by: Cassandra Avenatti
Do you remember your experience of sexuality education in school? How did the instruction provided to you shape your ideas about sex and relationships? Perhaps it terrified you (the sex=pregnancy or death approach) or left you feeling confused, flawed or invisible.
School-based sexuality education is a fundamental force in the construction of adolescent sexuality. Sexuality instruction presents ideas about what is considered ‘normal’ in youth sex and relationships, and is designed not only to reduce teen sexual behavior, disease and pregnancy, but also to instruct young people to adopt specific normative relationships to their sexuality.
I believe that sexuality education has the potential to challenge ideas about normative sexuality and gender, and to facilitate critical discussions about inequality, power and privilege. Unfortunately, current sexuality education in the U.S. is not fulfilling this potential. Eighty-six percent of public schools in the U.S. employ Abstinence-Only Until Marriage (AOUM) or abstinence-based models of sexual health education. These models promote the idea of sex as heterosexual, coital and procreative, and places sexual choices made by many youth outside of the limits of ‘appropriate’ behavior.
This is particularly true for LGBTQ youth. Abstinence-based education places LGBTQ youth in the margins by promoting marriage, ignoring the existence of queer sexualities, and failing to address the health needs of LGBTQ young people. This model does not allow for the possibility of differently configured relationships, such as polyamorous or open partnerships, and does not provide information regarding safer-sex practices for queer youth. Abstinence-only education denies queer youth legitimacy and seems to suggest that they do not deserve sexuality instruction.
In addition to marginalizing queer sexuality, most sexuality education fails to address the intersections of race, class and gender with sexuality. Even though sexuality is often racialized and considered differently in relation to gender and class, sexuality education does not include instruction on the ways in which social, economic, and political power shape sexual identities and behaviors. Additionally, most sexuality positions adolescent women as objects of desire that must ward off sexual advances, but does not explicitly address the subordinated status of girls and women.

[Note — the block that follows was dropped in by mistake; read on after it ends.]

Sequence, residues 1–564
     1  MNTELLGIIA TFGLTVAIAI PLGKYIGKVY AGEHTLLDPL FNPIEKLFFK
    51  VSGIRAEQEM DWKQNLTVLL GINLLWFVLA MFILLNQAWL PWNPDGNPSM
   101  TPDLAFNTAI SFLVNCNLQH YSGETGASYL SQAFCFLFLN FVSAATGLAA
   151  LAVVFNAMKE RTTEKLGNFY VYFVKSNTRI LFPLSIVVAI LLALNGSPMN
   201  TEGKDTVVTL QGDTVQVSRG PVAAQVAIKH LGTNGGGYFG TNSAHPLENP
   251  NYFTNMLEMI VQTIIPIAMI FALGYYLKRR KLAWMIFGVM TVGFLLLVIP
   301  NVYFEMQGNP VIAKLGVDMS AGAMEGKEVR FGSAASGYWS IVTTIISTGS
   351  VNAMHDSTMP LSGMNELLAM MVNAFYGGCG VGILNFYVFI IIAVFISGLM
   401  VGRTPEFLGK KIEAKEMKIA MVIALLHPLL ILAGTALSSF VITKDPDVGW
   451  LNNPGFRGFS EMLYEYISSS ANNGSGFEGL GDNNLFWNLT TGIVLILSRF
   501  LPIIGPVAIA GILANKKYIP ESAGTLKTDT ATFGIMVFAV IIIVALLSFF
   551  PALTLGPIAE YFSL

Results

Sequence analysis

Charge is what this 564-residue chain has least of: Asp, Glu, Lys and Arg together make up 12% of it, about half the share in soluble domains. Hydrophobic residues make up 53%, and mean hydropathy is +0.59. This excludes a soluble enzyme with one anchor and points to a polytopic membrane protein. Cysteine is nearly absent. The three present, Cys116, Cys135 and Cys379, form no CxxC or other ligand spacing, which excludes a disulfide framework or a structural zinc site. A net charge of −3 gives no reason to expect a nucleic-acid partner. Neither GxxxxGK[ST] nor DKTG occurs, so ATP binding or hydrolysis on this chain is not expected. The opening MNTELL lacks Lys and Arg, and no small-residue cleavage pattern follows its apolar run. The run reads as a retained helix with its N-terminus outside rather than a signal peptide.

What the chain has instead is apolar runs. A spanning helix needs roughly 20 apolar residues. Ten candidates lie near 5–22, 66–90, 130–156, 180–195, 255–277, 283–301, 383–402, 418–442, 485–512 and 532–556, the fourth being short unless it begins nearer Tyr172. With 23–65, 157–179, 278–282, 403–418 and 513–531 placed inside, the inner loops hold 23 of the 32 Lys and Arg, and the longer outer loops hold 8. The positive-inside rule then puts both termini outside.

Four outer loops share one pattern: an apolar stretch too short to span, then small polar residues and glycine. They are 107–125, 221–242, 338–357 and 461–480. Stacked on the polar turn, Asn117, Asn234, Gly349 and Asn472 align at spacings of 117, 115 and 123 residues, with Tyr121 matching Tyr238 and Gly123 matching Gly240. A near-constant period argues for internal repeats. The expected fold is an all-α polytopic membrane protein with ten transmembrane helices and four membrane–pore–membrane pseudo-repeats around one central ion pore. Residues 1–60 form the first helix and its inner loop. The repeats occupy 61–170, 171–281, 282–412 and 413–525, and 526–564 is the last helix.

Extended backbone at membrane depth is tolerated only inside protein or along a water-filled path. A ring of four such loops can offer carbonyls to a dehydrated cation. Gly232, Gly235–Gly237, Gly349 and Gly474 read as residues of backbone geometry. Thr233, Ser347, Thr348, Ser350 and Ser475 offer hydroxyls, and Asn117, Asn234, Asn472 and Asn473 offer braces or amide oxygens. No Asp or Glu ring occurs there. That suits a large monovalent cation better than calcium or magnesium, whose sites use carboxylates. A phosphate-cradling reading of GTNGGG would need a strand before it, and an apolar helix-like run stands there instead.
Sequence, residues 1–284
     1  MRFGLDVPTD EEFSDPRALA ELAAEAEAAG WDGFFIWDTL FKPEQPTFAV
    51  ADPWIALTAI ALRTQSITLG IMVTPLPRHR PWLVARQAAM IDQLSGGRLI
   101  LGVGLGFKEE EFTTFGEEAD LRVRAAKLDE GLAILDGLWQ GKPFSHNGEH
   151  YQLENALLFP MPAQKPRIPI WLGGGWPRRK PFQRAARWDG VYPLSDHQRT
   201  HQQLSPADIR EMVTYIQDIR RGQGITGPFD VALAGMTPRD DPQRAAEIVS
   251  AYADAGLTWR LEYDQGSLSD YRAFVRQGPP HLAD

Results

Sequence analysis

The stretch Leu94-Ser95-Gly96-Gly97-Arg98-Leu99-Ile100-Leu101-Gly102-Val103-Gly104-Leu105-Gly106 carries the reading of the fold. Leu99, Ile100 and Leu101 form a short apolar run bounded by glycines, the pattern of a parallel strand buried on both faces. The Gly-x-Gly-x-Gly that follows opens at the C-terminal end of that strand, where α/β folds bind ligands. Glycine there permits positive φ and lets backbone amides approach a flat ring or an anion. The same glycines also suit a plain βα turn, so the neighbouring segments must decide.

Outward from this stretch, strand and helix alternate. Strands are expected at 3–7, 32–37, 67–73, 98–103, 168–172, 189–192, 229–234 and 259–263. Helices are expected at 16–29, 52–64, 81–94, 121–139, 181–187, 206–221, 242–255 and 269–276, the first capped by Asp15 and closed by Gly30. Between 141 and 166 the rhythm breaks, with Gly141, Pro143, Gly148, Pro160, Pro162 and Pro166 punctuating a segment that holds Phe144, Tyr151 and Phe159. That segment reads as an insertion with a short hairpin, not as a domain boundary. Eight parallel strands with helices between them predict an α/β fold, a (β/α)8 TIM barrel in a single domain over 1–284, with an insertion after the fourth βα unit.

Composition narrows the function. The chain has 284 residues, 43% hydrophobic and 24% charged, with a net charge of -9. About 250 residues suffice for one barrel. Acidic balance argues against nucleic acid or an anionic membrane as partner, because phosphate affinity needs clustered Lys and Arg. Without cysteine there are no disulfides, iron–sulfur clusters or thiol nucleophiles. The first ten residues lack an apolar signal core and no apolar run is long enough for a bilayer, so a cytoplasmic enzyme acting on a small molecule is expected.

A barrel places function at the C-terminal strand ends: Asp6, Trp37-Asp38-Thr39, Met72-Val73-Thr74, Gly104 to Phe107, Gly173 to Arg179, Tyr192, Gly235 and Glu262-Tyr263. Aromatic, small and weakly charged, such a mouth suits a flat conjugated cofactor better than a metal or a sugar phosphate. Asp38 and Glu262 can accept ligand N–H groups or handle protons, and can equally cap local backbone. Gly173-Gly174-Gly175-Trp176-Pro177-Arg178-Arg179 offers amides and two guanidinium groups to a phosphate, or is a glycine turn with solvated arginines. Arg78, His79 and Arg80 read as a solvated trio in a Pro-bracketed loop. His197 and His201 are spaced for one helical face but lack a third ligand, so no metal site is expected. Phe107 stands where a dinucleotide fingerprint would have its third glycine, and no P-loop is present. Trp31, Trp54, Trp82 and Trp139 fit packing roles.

I believe that principles of social justice education should be applied to sexuality education in schools. This kind of critical education could have positive outcomes for youth related to attitudes and behaviors toward sexual and gender minority students. Additionally, social justice-focused sexuality education has the potential to deepen youth understanding of the relationship between race, class, gender, ability and sexuality, and to increase feelings of sexual agency. Educators need to address the diversity of experiences of youth, be affirming of youth identities, and acknowledge the inequities that exist in society.
There are many challenges to the implementation of anti-oppressive, inclusive sexuality education. A great deal of funding and political effort has been invested in abstinence-based programs in the United States, despite the fact that there is no empirical evidence to support its efficacy. Additionally, social justice-focused education presents a threat to current power structures, and demands that people examine their own privilege.
Despite the obstacles, groups are challenging Bush-era sexual health programs in a number of states. The Illinois Senate recently passed the PREP Act, and if it is passed by the House, schools offering sexual health education will be required to provide information that is medically accurate, age appropriate and evidence-based.
The introduction of comprehensive sexuality education in more schools is an important step forward, but curricula still needs to go further, and should be radically inclusive and focused on social justice.
Cassandra Avenatti is a radical social worker, grassroots activist, performance artist and sex worker. Her primary areas of professional interest are LGBTQ rights, reproductive justice, anti-oppressive sexuality education, sex worker rights and fair housing. Cassandra earned her Master of Social Work from Jane Addams College with a specialization in LGBTQ Public Health & Urban Development, and she has since worked in HIV-prevention education and housing for queer youth. She possesses an affinity for adventure and cultural discovery, and has lived in five countries in the past seven years. Cassandra is an Executive Board member for the Sex Workers Outreach Project, and is a profoundly kinky Pro Domme. Cassandra also hosts a queer feminist book club in her home, and is a member of Chicago’s radically queer quoir, Stratosqueer. Cassandra has recently founded a non-profit organization, Project Fierce Chicago, and is working on obtaining a space on the South side of the city in which to establish an affirming collective-living community for chronically homeless LGBTQ youth.